“The latest argument against the Trans Mountain has been its purported added risk to the resident Orca population. Originally the argument went: increasing the number of tankers would increase the number of collisions with marine mammals and this could result in the extirpation of the resident Orca community. That trope was quickly demonstrated to simply represent a mis-reading of a single scientific article by someone apparently unaware of BC geography. The paper indicates that the Orcas are at high risk of collision in Johnstone Strait, which would be a problem if tankers were heading in that direction, which they are not. As for the increase in tanker traffic, the TMX tankers would represent an increase of 720 more ship movements in a Strait that sees 23,000 ship movements a year. This at a port that is engaged in a build-out that will expand ship traffic significantly. If acoustics are really a concern for the activists then rather than fighting the TMX, they should be protesting the Port of Vancouver’s expansion plans.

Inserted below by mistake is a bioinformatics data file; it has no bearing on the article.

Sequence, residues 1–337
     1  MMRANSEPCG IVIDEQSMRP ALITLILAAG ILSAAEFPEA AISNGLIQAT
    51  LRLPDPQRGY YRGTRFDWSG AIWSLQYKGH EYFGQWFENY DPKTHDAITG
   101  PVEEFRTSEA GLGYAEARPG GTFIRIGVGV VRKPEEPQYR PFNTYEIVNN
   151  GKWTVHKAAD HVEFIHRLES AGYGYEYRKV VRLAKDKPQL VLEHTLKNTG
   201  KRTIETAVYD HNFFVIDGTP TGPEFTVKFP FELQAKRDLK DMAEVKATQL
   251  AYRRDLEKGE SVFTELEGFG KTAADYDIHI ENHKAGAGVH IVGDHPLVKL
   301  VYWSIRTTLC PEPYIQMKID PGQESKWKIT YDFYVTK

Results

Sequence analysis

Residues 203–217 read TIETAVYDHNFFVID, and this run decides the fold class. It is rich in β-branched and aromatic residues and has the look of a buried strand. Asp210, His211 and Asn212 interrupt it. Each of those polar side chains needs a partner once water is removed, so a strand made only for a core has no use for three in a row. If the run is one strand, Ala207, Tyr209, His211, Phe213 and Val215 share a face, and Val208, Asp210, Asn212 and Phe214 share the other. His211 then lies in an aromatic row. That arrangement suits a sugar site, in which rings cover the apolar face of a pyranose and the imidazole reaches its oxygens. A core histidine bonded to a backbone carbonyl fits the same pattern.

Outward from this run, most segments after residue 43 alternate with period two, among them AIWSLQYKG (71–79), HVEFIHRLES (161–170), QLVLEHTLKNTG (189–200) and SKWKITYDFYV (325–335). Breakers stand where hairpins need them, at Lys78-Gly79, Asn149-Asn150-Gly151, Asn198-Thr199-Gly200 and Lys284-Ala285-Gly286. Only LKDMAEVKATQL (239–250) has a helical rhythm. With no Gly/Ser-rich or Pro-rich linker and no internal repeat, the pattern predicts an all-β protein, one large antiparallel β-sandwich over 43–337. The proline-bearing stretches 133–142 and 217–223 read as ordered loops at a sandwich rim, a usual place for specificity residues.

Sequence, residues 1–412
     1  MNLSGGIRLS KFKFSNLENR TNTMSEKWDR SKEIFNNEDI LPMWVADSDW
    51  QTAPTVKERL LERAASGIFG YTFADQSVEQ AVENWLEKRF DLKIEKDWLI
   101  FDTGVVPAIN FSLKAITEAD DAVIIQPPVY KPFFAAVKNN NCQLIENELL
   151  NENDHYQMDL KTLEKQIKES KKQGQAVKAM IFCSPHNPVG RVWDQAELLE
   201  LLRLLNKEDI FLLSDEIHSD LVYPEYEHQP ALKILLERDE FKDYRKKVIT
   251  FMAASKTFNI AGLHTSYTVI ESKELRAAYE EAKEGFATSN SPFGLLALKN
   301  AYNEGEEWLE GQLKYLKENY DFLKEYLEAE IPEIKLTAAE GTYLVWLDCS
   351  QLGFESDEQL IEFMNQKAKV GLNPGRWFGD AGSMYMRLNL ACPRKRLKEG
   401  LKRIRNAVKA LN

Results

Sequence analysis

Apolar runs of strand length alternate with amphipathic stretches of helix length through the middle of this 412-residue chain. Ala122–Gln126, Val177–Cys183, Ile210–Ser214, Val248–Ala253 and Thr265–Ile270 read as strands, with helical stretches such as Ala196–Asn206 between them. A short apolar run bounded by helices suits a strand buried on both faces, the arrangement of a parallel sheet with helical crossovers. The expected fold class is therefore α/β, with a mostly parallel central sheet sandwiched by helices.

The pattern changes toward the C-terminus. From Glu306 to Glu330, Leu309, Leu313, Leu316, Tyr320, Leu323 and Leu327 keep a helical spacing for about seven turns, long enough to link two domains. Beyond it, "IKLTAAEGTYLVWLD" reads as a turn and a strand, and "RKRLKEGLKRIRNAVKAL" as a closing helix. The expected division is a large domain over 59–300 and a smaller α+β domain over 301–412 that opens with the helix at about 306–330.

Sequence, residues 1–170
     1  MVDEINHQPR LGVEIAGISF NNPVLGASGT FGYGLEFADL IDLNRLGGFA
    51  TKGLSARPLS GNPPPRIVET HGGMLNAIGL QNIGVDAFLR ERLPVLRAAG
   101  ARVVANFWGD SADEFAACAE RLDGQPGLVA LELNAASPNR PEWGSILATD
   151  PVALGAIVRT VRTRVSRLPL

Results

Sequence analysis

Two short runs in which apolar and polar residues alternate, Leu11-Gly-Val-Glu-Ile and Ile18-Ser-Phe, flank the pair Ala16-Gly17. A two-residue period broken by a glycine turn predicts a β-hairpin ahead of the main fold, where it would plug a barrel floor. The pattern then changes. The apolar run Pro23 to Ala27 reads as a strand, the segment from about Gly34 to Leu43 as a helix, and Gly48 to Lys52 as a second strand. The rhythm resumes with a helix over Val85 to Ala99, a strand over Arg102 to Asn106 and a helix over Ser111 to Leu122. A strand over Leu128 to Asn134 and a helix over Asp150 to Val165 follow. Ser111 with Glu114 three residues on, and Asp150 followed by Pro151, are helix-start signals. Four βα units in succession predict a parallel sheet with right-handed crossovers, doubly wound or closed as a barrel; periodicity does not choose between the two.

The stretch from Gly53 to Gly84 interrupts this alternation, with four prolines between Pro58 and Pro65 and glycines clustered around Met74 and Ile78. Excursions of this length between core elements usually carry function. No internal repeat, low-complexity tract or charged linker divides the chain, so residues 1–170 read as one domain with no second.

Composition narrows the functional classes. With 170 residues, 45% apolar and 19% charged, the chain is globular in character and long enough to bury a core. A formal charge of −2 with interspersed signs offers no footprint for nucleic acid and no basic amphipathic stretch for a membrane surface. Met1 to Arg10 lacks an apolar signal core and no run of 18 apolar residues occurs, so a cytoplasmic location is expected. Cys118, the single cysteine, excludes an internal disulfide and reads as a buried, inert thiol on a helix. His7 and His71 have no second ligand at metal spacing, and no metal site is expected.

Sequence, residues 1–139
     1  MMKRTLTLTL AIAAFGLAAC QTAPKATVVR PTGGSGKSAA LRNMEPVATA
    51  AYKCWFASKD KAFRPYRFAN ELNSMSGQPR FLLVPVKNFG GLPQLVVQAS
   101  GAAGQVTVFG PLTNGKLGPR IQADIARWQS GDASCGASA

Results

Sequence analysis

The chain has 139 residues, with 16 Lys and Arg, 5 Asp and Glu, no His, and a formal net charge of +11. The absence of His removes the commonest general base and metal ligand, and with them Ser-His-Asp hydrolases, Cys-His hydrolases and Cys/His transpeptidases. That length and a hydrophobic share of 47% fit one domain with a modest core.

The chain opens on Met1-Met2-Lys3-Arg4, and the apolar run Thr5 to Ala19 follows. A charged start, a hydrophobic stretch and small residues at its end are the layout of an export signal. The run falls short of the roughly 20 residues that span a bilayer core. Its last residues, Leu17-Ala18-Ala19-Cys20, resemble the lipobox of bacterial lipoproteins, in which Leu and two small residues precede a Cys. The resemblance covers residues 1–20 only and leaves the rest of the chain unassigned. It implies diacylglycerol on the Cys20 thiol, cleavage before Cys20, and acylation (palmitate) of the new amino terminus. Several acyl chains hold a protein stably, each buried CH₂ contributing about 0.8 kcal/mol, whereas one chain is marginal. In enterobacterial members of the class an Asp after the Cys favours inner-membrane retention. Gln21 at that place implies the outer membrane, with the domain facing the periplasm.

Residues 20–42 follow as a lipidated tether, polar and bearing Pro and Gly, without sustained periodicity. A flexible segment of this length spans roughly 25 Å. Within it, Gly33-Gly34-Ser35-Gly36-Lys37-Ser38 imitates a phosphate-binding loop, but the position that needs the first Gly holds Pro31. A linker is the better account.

Never a group to let a good idea go to waste, once the collision myth was busted the activists turned to the risks to the resident Orca population posed by an oil spill. This myth comes courtesy of the Raincoast Conservation Foundation who prepared a study “Report on Population Viability Analysis model investigations of threats to the Southern Resident Killer Whale population from Trans Mountain Expansion Project. The study represents a modelling exercise to examine the effect of the TMX on the resident Orcas. Now, much like the City of Vancouver modelling, I was a bit surprised by the conclusions of the analysis and so looked a bit deeper into the methodology and like the Vancouver Study I discovered another case of garbage in, garbage out. The model itself seems sound and the statistical methodology was excellent. The problem with the exercise was the data used to generate the results. In this case the authors chose to use a very interesting source for their spill occurrence frequency input value. Specifically they relied on a “report” called Foschi (2014). Except when I go to the references I see that Foschi 2014 is not a peer-reviewed journal article but rather a blog post by an interested engineer.